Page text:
Council committee approves pet bylaw changes after owners relate horror stories
Read this article for free:
Already have an account? Log in here »
To continue reading, please subscribe with this special offer:
All-Access Digital Subscription
$1.50 for 150 days*
- Enjoy unlimited reading on winnipegfreepress.com
- Read the E-Edition, our digital replica newspaper
- Access News Break, our award-winning app
- Play interactive puzzles
*Pay $1.50 for the first 22 weeks of your subscription. After 22 weeks, price increases to the regular rate of $19.00 per month. GST will be added to each payment. Subscription can be cancelled after the first 22 weeks.
Hey there, time traveller!
This article was published 14/01/2022 (213 days ago), so information in it may no longer be current.
Over an agonizing 30 minutes, Catherine Gagnon watched “the life drain” out of Ruby, her eight-year-old dog, as she struggled to free the pooch from a legal wildlife trap.
Now she hopes one of several updates to Winnipeg’s responsible pet ownership bylaw, which would ban the outdoor use of body-hold traps, will prevent others from losing their furry loved ones the same way.
“(Ruby) did not die peacefully. She most certainly did not die humanely,” Gagnon told council’s protection committee Friday. “No living, feeling, breathing being — domestic or wild — deserves to die so horrifically.”
Gagnon’s dog died just over a year ago on Jan. 23, about 800 metres north of city limits in the Rural Municipality of Rosser. Gagnon was previously unaware such traps were allowed within and outside city limits.
Without the proposed ban, Gagnon fears other pets — and possibly even children — could be killed or injured by the traps.
“Ruby’s (death) has left a hole in my heart…. She was a family member. I pray that not another (being) suffers her fate,” she said.
Winnipegger Andreina Holliday also hopes to prevent others from enduring the pain of losing their dogs in the sudden, painful way she did.
Holliday’s small pets, Tango and Rocky, were at Pooches Playhouse canine daycare on May 7 and were fatally attacked by a larger dog.
Holliday told the Free Press she’s glad the city is proposing minimum play space requirements and staff-to-dog ratios for dog daycares but believes higher standards and fines are needed.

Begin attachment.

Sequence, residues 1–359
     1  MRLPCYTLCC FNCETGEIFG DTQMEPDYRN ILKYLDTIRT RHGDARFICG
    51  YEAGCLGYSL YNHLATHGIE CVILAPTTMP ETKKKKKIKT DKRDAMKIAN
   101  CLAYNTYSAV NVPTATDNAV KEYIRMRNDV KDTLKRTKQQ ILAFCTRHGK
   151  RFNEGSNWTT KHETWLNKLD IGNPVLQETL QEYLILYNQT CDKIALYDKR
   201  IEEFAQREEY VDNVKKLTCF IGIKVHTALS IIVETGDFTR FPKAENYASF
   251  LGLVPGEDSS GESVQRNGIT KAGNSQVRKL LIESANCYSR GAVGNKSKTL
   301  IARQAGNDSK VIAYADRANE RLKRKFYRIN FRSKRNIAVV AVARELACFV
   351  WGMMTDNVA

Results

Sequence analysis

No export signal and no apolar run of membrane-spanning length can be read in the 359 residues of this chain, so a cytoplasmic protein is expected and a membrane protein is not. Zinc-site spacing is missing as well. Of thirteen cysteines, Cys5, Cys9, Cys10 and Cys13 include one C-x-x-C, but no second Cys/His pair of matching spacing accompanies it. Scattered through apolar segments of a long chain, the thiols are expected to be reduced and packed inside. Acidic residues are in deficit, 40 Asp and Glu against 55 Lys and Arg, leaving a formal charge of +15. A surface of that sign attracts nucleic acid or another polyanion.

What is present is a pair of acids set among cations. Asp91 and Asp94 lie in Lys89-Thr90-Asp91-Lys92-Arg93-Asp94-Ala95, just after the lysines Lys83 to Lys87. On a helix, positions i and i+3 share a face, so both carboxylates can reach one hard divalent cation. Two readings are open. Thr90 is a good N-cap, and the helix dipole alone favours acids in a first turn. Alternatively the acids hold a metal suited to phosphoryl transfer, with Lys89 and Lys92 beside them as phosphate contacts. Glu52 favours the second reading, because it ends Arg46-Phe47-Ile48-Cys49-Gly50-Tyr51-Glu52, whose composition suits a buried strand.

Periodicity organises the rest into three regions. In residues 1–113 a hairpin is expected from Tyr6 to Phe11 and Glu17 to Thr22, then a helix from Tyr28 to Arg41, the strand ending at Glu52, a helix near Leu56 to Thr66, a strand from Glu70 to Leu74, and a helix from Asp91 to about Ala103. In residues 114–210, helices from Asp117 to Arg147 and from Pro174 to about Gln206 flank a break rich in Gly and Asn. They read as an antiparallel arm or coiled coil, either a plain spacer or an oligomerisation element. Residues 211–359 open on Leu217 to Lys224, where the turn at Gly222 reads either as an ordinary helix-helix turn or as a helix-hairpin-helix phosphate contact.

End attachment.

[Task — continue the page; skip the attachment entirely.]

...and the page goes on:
She said the city should ensure the businesses maintain ratios of one staff member for 15 dogs, instead of the currently proposed ratio of one for 20 large dogs or one for 25 small ones.
“I think that we can do better, considering how difficult it would be for one person to safely break up a dog fight,” she said.
She also believes canine daycares should be required to provide at least 50 to 60 square feet of open, dedicated play space per dog, depending on size. The city is proposing to set the minimum at 20 square feet per small dog and 35 square feet for larger breeds.
She’s also calling for steeper penalties facilities that break the rules. The current proposal includes a $250 fine, but Holliday believes the death or serious injury of a dog should trigger the closure of the facility involved until a review ensures it’s safe to reopen.
“The fines… are so minimal that there’s no real financial consequences to these businesses. It’s really a slap on the wrist,” she said.
During the meeting, a lawyer with the advocacy group Animal Justice said there is widespread support to ban the outdoor use of many wildlife traps, though wording on the ban should be clarified to encompass leg-hold and other types, as well.
“They all cause prolonged suffering,” said Kaitlyn Mitchell.
Nikki Sherwin, the owner of Woofs ’n Wags dog daycare, said she fully supports the new standards under consideration.
The call to separate dogs by size would be a major step forward, she said.
“This is integral to the safety of dogs. A small dog should never be in a group of larger dogs,” she said.
The proposed rules would also set fines for leaving pets inside hot or cold vehicles and feeding wildlife on private property (except for bird feeders). They would also impose new limits on breeders.
Coun. Sherri Rollins, who leads the protection committee, said she hopes the changes prevent the kinds of pet losses discussed during Friday’s meeting.
“I hope that those who have experienced losses that came to committee today, when they see the bylaw, that they feel that their loss wasn’t in vain and council did act,” said Rollins.
The committee approved the changes; a final council vote on the proposed bylaw revision is still required.
Born and raised in Winnipeg, Joyanne loves to tell the stories of this city, especially when politics is involved. Joyanne became the city hall reporter for the Winnipeg Free Press in early 2020.